• HB 143 Energy Storage Facility IRB Eligibility and its companion SB 232 Energy Storage Industrial Revenue Bonds would have made energy storage facilities eligible for industrial revenue bond projects. Neither bill advanced out of committee.
  • HB 274 Advanced Energy Equipment Income Tax Credit, which passed out of the House Energy, Environment and Natural Resources committee but died in House Taxation and Revenue, would have allowed a tax credit for someone who makes qualified expenditures for a qualified manufacturing facility that will produce advanced energy products that would be eligible for the tax credit in Section 45X of the Inflation Reduction Act for the domestic manufacture of components for certain renewable energy and battery technologies.
  • HB 108 Local Solar Access Fund, which passed the House Energy, Environment and Natural Resources committee but died in House Appropriations and Finance, would have created a fund that could make grants to eligible entities for planning, design, construction, purchase, and installation of solar energy systems to power buildings, or for technical assistance to apply for federal or other funding for the same purposes, and would have appropriated $110 million for the fund.
  • HB 189 Low-income Solar Act and SB 2 Low-income Solar Act, neither of which received a committee hearing, would have made changes to ensure equitable distribution of the benefits of solar energy generated on affordable housing.
  • HB 187 School Solar Tax Credit, which passed the House Energy, Environment and Natural Resources committee but died in House Taxation and Revenue, would have created a personal income tax credit for anyone who installs a solar system on a school.
  • HB 150 Renewable Energy Production Tax Act, a bill unfriendly to renewable energy, would have imposed a renewable energy production tax of 3.75 percent of the wholesale value of electricity produced from wind, solar, hydro, geothermal, or biomass — equivalent to the oil and gas severance tax. (Residential and small-scale facilities and facilities owned by the state government or a Tribe would have been exempt.) This bill did not advance out of committee.
  • HB 92 Geothermal Electricity Generation Tax Credits and the companion bill SB 58 Geothermal Electricity Tax Credit would have created tax credits and deductions for geothermal electricity generation and for facility construction costs. HB 92 passed the House Energy Environment and Natural Resources committee but did not receive a hearing in House Taxation and Revenue; SB 58 did not receive a hearing in the Senate Tax, Business and Transportation committee.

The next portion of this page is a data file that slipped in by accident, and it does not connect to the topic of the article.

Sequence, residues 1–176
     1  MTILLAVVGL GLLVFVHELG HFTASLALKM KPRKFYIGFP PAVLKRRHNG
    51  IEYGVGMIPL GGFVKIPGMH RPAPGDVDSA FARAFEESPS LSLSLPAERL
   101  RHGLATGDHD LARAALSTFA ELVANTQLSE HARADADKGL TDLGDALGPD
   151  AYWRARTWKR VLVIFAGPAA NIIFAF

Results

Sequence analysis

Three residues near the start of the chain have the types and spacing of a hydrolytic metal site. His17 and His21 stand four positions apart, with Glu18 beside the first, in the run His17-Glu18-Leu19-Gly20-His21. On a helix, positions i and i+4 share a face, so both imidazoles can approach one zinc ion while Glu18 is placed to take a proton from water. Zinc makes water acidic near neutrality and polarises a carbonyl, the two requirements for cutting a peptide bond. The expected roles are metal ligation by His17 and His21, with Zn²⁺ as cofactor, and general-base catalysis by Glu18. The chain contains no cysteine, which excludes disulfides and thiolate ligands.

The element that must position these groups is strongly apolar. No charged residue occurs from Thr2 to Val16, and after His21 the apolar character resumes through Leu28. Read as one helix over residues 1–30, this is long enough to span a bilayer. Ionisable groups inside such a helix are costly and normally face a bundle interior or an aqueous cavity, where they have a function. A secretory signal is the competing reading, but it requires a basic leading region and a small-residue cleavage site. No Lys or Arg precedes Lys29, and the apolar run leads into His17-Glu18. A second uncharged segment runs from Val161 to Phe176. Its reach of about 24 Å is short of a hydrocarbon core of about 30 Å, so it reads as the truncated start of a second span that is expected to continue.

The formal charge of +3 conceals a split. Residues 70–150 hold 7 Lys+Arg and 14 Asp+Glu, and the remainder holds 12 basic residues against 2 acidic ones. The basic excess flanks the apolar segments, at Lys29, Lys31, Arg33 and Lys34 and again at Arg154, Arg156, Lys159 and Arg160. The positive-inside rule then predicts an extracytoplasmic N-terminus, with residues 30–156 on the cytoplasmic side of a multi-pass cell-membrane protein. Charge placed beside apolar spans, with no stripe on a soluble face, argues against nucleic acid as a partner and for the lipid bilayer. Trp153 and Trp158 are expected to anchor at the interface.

• SB 40 Geothermal Heat Pump Tax would have reinstated and expanded a tax credit that expired in 2020 for installing geothermal ground-coupled heat pumps; this bill died in the Senate Tax, Business and Transportation committee.

A handful of bills addressed electric and hybrid vehicles:

  • HB 140 Clean Car Income Tax Credit would have created personal and corporate income tax credit for the purchase of both electric vehicles (under $55K MSRP for new or under $25K for used vehicles) and EV charging units. The bill passed out of the House Energy and Natural Resources committee but did not receive a hearing in House Taxation and Revenue. A similar bill, SB 8 Electric Vehicle Tax Credit, would have created a new state income tax credit for the purchase or lease of an electric vehicle.
  • SB 134 Study Electric Vehicle Development would have appropriated funds to the Transportation Department to study electric vehicle development, including installing charging stations at highway rest areas. The bill did not receive a hearing in the Senate Tax, Business and Transportation committee.
  • SB 183 Electric and Hybrid Vehicle Registration Fees would have added an additional registration fee for electric and hybrid vehicles to fund state roads and transportation projects. Both SB 8 and SB 183 were assigned to the Senate Tax, Business and Transportation committee but did not receive hearings.
  • Meanwhile, SM 2 Repeal Electric Vehicle Mandate, a non-binding memorial which would have requested that the Environmental Improvement Board repeal its electric vehicle mandate and conduct a study of the potential damage of electric vehicle use to the economy, did not advance out of committee.

SB 228 Use of Environment Fees and Funding would have given the Environment Department more flexibility to use fees from one program to cover costs in another program and, in the case of three programs, would have authorized the department to set fees to cover costs and department operating expenses rather than having specific fees set in statute. This bill passed out of the Senate Conservation committee but died in Senate Finance.

Bisti/De-na-zin Wilderness, BLM New Mexico

Other bills of note related to…

…outdoor recreation: